Analysis of Neovascularization
Fourteen days after ischemia, postischemic neovascularization was evaluated by 3 different methods, as described previously.21,22
Mice were anesthetized (pentobarbital), and longitudinal laparotomy was performed to introduce a polyethylene catheter into the abdominal aorta and inject contrast medium (barium sulfate, 1 g/mL). Angiography of hindlimbs was then performed, and images (2 per animal) were acquired with the use of a high-definition digital x-ray transducer. Images were assembled to obtain a complete view of the hindlimbs. The number of pixels occupied by vessels was measured in the quantification area with the use of Primedangio software (Trophy System, Paris, France). Area of quantification was limited by placement of the ligature on the femoral artery, the knee, the edge of the femur, and the external limit of the leg. The results were then expressed as a ratio of ischemic to nonischemic leg.
Capillary Density Analysis
Sections (7 μm) were first incubated for 30 minutes in phosphate-buffered saline containing 5% bovine serum albumin at room temperature and 1 hour with rabbit polyclonal antibody directed against total fibronectin (dilution 1:50; Abcys, Paris, France) to identify capillaries. Capillaries were then revealed with a fluorescent fluorescein isothiocyanate anti-rabbit antibody (dilution 1:10; Amersham, Orsay, France). Capillary densities were calculated in 5 randomly chosen fields of a definite area with the use of Optilab/Pro software. Analyses were performed in a blinded manner by 2 independent investigators. The capillary-to-myocytes ratio was then determined in both ischemic and nonischemic legs. Results were expressed as ischemic to nonischemic ratio.
Laser Doppler Perfusion Imaging
Briefly, excess hairs were removed by depilatory cream from the limb, and mice were placed on a heating plate at 37°C to minimize temperature variation. Nevertheless, to account for variables, including ambient light, temperature, and experimental procedures, perfusion was calculated in the foot and expressed as a ratio of ischemic to nonischemic leg.
Analysis of Protein Expression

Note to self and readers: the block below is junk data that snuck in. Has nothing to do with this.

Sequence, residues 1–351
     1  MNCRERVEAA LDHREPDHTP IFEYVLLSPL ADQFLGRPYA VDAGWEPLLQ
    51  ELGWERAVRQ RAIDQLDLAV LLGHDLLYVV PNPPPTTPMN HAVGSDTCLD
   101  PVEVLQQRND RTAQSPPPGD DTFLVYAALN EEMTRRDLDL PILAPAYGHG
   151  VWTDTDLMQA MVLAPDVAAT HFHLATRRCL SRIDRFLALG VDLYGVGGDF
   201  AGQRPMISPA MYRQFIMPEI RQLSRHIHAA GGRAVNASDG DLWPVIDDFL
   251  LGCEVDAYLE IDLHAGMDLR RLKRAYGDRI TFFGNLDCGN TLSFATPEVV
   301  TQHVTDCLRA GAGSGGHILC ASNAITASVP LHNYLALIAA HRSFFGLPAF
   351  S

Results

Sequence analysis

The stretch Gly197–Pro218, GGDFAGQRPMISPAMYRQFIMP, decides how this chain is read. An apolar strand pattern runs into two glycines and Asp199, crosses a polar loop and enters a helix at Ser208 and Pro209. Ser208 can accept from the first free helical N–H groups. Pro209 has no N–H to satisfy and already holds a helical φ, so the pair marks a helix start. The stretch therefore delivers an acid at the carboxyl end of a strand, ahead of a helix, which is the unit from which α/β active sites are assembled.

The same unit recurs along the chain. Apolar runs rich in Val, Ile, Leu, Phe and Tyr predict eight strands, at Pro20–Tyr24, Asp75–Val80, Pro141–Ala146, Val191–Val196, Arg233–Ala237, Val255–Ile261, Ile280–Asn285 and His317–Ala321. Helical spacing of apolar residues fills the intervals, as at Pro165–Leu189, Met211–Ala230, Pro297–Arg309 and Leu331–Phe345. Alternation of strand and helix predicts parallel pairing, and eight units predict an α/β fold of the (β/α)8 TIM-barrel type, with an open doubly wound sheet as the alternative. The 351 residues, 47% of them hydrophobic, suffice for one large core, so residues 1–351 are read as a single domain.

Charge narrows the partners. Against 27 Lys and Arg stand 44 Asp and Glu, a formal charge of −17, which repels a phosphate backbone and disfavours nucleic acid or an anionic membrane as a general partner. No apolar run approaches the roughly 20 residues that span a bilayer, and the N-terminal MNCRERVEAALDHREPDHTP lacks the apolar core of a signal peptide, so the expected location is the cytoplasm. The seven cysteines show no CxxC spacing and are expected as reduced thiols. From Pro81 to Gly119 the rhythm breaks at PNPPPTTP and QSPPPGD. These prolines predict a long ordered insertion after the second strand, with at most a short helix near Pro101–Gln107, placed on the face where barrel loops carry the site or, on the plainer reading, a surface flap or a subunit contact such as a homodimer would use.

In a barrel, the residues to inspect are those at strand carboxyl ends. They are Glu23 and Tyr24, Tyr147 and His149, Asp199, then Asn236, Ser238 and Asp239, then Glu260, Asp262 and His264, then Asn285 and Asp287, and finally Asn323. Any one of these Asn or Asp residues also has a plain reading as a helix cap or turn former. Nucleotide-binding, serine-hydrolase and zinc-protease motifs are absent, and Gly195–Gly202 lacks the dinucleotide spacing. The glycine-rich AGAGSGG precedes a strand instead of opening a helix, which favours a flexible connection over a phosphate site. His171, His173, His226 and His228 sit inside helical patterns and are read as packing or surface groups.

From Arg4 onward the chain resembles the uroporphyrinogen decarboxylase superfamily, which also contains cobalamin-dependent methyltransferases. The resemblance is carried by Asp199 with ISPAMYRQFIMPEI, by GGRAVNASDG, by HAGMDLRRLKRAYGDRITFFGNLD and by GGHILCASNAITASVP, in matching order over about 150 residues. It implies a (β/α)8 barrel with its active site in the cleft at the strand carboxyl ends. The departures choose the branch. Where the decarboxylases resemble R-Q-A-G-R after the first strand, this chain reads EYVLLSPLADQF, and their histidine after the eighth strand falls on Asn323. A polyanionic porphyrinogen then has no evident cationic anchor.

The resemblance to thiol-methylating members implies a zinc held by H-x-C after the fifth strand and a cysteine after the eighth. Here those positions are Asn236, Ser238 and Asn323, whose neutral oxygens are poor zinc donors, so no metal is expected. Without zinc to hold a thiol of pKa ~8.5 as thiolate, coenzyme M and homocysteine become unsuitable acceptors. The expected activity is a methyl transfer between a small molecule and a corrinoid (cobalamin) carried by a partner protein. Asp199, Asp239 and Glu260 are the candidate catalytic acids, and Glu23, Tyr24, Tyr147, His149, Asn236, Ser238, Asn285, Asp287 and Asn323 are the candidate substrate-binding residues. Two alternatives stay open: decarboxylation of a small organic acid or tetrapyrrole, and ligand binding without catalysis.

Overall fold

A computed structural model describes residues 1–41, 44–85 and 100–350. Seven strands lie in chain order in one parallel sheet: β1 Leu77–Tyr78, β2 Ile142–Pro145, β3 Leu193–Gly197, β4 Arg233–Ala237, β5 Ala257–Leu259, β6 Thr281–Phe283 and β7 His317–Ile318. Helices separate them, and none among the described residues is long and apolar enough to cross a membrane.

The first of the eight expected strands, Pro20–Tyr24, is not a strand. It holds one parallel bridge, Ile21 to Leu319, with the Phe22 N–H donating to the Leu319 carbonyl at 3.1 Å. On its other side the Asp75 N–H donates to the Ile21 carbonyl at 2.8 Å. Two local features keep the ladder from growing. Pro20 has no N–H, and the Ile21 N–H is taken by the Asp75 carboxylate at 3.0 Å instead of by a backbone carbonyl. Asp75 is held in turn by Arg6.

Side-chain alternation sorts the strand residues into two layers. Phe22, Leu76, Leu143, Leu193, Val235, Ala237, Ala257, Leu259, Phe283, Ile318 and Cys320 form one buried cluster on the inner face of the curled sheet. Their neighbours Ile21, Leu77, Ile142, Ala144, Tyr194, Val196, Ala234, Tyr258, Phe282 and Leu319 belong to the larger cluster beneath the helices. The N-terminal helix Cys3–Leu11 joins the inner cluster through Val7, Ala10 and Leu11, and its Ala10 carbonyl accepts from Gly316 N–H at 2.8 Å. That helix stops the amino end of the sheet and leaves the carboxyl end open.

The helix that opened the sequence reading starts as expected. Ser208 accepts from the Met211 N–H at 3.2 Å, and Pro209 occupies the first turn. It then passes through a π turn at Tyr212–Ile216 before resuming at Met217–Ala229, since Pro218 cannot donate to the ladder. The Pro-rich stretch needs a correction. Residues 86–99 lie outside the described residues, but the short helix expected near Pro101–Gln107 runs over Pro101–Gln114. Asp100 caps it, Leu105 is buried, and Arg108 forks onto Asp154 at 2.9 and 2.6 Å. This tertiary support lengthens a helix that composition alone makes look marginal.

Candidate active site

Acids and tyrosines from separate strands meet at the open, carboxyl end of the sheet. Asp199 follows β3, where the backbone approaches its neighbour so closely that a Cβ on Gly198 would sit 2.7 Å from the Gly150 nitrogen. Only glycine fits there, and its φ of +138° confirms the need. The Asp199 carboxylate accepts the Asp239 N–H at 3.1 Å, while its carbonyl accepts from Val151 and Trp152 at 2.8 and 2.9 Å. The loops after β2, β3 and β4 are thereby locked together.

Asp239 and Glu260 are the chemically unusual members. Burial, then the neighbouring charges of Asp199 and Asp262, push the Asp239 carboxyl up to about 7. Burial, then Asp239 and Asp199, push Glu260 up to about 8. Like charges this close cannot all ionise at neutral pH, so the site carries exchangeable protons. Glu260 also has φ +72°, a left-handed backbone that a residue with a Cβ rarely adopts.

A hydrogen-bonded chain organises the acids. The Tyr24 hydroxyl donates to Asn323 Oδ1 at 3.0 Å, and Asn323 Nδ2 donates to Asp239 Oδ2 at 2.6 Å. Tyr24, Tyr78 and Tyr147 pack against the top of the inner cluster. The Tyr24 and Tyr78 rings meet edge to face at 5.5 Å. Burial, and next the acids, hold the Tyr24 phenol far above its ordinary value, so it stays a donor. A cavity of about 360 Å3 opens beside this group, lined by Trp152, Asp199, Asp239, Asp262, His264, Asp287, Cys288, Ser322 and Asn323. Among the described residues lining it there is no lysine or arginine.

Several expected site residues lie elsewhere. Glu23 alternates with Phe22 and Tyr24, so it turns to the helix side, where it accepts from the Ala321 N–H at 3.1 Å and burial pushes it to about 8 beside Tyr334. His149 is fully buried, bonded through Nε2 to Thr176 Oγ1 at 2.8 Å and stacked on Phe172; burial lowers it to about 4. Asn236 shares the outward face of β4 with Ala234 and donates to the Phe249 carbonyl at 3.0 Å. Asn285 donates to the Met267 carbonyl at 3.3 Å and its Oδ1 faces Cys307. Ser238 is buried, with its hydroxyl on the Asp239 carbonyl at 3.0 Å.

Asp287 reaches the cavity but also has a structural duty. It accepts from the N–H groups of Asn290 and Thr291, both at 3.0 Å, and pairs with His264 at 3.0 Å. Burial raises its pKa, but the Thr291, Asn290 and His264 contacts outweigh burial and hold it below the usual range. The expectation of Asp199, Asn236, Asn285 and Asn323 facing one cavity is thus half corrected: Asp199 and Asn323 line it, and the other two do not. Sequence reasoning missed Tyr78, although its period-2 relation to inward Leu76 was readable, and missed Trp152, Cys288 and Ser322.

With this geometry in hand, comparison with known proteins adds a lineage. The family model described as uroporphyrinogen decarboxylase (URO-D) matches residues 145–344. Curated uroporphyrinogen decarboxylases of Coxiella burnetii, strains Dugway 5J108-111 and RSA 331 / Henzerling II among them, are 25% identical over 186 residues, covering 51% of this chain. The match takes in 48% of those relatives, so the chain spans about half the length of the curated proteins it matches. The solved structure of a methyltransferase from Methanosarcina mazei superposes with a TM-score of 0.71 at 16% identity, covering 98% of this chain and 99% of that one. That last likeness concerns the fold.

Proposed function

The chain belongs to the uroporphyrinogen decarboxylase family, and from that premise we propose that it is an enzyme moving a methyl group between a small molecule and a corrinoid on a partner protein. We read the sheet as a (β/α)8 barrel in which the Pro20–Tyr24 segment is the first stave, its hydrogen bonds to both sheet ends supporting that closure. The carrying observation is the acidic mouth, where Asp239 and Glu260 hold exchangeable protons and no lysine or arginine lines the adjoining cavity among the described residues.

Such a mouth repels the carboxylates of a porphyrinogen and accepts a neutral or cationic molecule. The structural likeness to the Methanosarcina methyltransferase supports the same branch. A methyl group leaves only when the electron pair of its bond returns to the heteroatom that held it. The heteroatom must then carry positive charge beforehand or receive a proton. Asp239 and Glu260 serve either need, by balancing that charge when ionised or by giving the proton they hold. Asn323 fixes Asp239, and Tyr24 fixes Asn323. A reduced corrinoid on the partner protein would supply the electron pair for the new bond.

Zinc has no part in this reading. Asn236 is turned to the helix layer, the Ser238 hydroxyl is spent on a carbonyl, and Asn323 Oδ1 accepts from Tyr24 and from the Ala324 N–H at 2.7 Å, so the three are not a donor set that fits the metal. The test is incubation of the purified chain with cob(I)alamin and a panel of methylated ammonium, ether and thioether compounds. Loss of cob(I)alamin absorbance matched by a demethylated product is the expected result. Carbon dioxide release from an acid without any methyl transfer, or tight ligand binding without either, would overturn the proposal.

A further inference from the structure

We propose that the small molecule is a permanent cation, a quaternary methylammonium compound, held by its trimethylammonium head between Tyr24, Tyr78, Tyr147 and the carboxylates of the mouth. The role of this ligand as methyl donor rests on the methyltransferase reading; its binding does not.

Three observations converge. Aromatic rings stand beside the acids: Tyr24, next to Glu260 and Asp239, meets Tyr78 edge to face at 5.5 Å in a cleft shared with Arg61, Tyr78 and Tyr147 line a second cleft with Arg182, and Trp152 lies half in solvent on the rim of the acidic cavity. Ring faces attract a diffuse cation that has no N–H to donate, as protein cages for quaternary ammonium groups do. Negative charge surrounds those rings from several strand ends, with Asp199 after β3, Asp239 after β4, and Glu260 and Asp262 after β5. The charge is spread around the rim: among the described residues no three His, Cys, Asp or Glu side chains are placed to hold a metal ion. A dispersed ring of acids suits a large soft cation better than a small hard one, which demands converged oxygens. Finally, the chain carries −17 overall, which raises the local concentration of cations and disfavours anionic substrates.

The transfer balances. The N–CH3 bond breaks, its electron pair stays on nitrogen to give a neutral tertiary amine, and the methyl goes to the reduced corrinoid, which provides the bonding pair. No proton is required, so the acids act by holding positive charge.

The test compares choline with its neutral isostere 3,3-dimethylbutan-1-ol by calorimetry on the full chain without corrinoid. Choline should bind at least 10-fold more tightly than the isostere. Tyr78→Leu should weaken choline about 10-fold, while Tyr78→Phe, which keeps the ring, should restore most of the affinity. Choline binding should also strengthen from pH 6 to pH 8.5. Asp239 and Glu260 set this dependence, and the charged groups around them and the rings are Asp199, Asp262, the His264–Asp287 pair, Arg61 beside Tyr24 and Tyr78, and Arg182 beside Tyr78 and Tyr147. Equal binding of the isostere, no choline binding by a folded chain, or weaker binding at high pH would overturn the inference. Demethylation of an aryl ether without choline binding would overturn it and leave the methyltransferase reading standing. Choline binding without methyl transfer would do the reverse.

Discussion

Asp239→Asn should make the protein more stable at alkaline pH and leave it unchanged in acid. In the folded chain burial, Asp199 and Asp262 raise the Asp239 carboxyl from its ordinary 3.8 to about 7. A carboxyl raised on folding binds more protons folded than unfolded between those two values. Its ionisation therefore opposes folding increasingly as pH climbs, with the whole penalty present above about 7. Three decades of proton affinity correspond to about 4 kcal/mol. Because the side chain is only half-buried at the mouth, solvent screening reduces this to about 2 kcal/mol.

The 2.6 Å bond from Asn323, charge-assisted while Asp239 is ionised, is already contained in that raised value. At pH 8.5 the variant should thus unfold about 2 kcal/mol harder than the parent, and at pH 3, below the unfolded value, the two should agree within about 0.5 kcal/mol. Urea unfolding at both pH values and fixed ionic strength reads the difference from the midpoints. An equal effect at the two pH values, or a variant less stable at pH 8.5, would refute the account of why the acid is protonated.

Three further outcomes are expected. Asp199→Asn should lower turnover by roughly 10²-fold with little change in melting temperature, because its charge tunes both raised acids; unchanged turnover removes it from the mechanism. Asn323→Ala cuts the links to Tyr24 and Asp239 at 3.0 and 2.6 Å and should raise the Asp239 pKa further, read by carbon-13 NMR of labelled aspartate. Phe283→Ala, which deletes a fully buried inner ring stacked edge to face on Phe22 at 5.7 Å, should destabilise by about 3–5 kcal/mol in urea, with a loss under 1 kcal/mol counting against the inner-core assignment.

To prepare total protein extracts, tibial anterior muscles from ischemic and nonischemic hindlimbs, aorta, human umbilical vein endothelial cells, and smooth muscle cells were homogenized in buffer RIPA (Tris-HCl 50 mmol/L, pH 7.4, NaCl 150 mmol/L, EDTA 1 mmol/L, Triton X-100 1%, deoxycholate 1%, sodium dodecyl sulfate 0.1%, with protease and phosphatase inhibitors). To prepare nuclear protein extracts, tibial anterior muscles from ischemic and nonischemic hindlimbs were homogenized in 10 mmol/L Tris-HCl, pH 7.8, 1.5 mmol/L MgCl2, 10 mmol/L KCl, 0.5 mmol/L dithiothreitol, 1 mmol/L sodium orthovanadate, supplemented with 1× protease inhibitor cocktail. After centrifugation (4500g for 5 minutes at 4°C), pellets were resuspended at 4°C for 30 minutes in 20 mmol/L Tris-HCl, pH 7.8, 1.5 mmol/L MgCl2, 420 mmol/L KCl, 20% glycerol, supplemented with 1× protease inhibitor cocktail, and centrifuged (10 000g for 30 minutes at 4°C). Supernatants were dialyzed with Slide-a-Lyzer MINI Dialysis Units (Pierce Biotechnology) for 2 hours, twice at 4°C, in 20 mmol/L Tris-HCl, pH 7.8, 1.5 mmol/L MgCl2, 100 mmol/L KCl, 0.2 mmol/L EDTA, and 20% glycerol. Proteins were resolved in 7%, 9%, or 12% denaturing gel electrophoresis and blotted onto nitrocellulose sheets (Bio-Rad, Marnes-la-Coquette, France; 0.2 μm). Antibodies against HIF-1α, PHD1, PHD2, PHD3, carbonic anhydrase IX (1:1000; Novus Biological or Bethyl Laboratories, Interchim), VEGF-A (1:1000; Santa Cruz Biotechnology, Santa Cruz, Calif), and eNOS (1:1000; Becton Dickinson) were used for immunoblotting. As a protein loading control, membranes were stripped, stained with ponceau red, or incubated with a monoclonal antibody directed against GAPDH (1:10 000; Abcyss), and specific chemiluminescent signal was detected as described previously.23